Best Battery Operated Leaf Blowers
Best Battery Operated Leaf Blowers

Battery-Operated Leaf Blowers


The leaf blower has gone cordless and suburban homeowners are getting on board with the advantages this tool offers. The most important thing is that it’s much quieter than a gas engine machine. Second, there’s no starting strain. Plug in the battery, press the button, and you’re moving leaves. In the amount of time you would have spent to get the gas can, fuel the machine, set the choke, and pull the recoil handle, you’ve gotten a head start on the job.

Selecting a blower
All of the blowers shown below will handle pavement sweeping and a scattering of light leaves. For ankle-deep leaves, for damp leaves, or to move lawn debris like twigs and nuts, choose a blower with more voltage and air speed. For deeper than ankle depth or for wet leaves, the only practical solution is a backpack leaf blower.

Of course, any of these products can easily go through a couple of batteries in a morning’s work. You should outfit yourself with two batteries and consider a third (or more) for really tough conditions. And if the going gets really tough or the area is large, you’ll need a gas engine machine. Sorry, but that’s the truth of the matter.

How We Tested
We gathered this group of cordless leaf blowers to assess their power, balance, controls, weight, and comfort. We blew leaves and hay off of grass, and we swept sawdust off of an asphalt parking lot. Scroll down to see our product rankings, including a machine that we haven’t tested but that has all the makings for a likely candidate.

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Worx WG591


$166.15 (17% off)

* * * * * 
Air speed: 125 mph
Volts: 56
Weight: 8 lb  

The Worx offers outstanding power-to-weight ratio combined with a highly productive airstream. We used it to clean up what other blowers left behind. We prefer to control blower output with the trigger, rather than the separate adjuster the Worx uses, which sometimes needed to be switched off before the blower would turn on.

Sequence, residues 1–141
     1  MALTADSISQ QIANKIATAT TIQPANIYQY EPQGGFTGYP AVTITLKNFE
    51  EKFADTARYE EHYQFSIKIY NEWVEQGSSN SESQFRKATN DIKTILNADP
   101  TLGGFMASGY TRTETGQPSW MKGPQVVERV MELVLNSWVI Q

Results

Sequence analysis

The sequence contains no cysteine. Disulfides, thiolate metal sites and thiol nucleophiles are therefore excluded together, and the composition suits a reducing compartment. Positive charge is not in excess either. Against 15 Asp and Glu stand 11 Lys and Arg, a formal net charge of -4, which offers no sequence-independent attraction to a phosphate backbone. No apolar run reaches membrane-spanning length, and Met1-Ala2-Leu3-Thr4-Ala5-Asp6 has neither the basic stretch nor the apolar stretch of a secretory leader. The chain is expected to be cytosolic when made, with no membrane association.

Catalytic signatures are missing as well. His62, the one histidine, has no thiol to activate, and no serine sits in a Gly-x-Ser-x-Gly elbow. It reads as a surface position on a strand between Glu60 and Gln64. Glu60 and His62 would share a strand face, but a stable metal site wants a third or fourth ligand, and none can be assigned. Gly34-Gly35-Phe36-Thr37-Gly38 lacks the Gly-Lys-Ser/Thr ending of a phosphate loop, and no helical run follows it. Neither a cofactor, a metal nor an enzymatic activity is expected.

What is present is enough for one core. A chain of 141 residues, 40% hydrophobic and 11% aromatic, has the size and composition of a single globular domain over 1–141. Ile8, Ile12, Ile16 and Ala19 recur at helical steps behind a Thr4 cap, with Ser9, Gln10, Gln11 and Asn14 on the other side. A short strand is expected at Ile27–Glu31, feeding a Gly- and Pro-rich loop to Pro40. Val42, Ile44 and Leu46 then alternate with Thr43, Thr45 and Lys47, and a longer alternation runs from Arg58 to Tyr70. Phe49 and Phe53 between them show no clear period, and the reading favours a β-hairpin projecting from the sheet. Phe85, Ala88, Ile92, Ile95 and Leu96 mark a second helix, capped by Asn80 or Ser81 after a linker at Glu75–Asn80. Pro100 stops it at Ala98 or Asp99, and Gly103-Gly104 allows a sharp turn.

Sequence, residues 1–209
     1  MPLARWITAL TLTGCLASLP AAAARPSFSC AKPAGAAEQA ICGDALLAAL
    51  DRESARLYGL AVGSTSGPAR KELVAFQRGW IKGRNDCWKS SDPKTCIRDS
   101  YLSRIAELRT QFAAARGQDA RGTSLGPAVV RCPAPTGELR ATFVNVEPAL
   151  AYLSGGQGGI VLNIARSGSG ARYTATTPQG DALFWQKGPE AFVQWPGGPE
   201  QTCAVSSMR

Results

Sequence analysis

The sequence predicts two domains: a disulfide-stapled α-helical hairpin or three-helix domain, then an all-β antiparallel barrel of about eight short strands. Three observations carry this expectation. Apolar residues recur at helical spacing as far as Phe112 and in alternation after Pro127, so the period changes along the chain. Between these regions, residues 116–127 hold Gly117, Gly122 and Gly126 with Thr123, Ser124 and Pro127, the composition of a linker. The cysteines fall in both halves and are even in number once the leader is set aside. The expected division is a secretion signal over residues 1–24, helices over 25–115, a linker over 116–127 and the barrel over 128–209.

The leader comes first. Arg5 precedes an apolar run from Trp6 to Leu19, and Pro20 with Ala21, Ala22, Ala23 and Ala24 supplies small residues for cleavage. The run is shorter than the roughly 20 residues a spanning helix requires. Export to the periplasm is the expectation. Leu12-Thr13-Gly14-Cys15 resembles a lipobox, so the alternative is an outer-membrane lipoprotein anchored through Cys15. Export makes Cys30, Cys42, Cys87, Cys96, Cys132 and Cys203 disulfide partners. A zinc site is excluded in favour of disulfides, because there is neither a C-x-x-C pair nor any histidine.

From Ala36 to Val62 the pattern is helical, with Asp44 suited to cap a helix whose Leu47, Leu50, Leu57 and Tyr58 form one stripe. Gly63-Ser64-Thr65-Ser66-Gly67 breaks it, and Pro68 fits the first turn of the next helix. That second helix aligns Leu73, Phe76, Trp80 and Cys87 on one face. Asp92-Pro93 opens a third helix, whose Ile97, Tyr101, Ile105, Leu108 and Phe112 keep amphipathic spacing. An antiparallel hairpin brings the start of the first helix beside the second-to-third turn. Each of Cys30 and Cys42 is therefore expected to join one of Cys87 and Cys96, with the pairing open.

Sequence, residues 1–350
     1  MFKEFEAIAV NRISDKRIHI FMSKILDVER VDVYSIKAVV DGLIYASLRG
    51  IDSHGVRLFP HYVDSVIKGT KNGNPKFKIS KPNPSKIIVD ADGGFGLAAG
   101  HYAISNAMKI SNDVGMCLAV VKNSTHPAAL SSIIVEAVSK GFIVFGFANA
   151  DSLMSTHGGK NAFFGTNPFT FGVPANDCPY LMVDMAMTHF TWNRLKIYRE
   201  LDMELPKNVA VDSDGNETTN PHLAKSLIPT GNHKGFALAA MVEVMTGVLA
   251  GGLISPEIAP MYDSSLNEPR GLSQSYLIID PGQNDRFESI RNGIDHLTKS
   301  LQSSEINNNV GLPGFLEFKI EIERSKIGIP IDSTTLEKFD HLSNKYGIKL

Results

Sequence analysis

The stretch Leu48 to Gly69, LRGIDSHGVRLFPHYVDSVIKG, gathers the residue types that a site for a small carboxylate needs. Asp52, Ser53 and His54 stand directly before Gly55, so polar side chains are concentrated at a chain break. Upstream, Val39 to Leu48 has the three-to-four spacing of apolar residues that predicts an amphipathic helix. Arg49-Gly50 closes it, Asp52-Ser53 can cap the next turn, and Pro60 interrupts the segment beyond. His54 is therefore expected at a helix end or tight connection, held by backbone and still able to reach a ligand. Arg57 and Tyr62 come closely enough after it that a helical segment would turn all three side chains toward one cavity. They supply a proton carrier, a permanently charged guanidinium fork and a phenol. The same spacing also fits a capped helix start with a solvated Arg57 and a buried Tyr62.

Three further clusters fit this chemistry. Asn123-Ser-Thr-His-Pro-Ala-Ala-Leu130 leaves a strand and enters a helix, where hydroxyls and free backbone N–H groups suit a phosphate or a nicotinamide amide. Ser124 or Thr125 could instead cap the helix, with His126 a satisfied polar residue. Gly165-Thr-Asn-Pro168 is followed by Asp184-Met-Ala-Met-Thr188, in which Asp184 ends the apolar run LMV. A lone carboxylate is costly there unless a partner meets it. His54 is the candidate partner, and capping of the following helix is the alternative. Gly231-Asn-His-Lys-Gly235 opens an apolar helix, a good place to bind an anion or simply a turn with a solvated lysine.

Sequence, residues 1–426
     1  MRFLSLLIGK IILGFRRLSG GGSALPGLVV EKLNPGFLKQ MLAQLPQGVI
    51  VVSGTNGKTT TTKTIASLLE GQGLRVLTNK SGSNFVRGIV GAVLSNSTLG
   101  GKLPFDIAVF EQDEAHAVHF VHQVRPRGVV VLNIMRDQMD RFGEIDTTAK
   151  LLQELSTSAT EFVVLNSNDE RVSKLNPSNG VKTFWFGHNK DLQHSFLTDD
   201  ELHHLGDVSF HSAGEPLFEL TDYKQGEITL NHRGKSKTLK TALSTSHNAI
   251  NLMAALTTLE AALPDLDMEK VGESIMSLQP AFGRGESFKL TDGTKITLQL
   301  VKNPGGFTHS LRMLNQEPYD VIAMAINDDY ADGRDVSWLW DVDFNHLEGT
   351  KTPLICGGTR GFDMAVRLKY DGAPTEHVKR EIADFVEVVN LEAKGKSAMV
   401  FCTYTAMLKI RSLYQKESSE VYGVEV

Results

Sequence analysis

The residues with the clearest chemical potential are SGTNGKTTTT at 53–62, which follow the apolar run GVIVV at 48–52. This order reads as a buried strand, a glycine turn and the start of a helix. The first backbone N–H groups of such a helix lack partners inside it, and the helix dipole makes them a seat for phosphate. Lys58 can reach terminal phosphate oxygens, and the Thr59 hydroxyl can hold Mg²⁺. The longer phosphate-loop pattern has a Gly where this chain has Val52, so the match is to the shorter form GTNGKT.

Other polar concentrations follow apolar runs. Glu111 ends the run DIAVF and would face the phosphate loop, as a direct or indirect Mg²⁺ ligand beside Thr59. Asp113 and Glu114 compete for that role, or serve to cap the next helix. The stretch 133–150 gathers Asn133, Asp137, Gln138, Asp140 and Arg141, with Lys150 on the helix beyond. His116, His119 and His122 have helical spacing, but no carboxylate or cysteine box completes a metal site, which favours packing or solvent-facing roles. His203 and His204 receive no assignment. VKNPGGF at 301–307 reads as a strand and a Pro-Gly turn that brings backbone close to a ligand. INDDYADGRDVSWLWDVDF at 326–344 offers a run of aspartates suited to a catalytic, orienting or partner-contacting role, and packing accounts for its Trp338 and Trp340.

Black & Decker LSWV36


$110.02 (21% off)

* * * 
Air Speed: 120 mph
Volts: 40
Weight: 5 lb  

This tool is good for light-duty sweeping of grass clippings and dry leaves from hard surfaces, such as a patio, walkway, and driveway. Its light weight makes it a pleasure to use for these purposes, where there’s no sense in using a heavier, heavy-duty machine. This is a minor complaint, but this tool uses a roller switch to adjust its air output. We prefer simple trigger-adjusted air speed.

DeWalt DCB790H1

* * * * 
Air speed: 240 mph
Volts: 40
Weight: 11.5 lb

The DeWalt is powerful, but aside from that, we also like its securely locking nozzle even if it does require a key. Its low center of gravity keeps the tool from being easily tipped over when set down. It’s a bit heavy, and its airstream could be more concentrated.

Greenworks BPB80L2510

Air Speed: 132 mph
Volts: 80
Weight: 11.6 lb

The Greenworks is the lightest and most compact of the backpack blowers we tested. In its Turbo setting, the blower’s airstream forms an effective leaf-moving zone (the outside edges of the airstream appear to be less powerful). The machine also scored high marks for its comfortable and highly adjustable shoulder straps, handle comfort, and the 90-degree elbow that connects the impeller housing to the flexible blower tube. The elbow permits the blower tube to pivot straight up, so it takes up less space when stored in the garage or shed.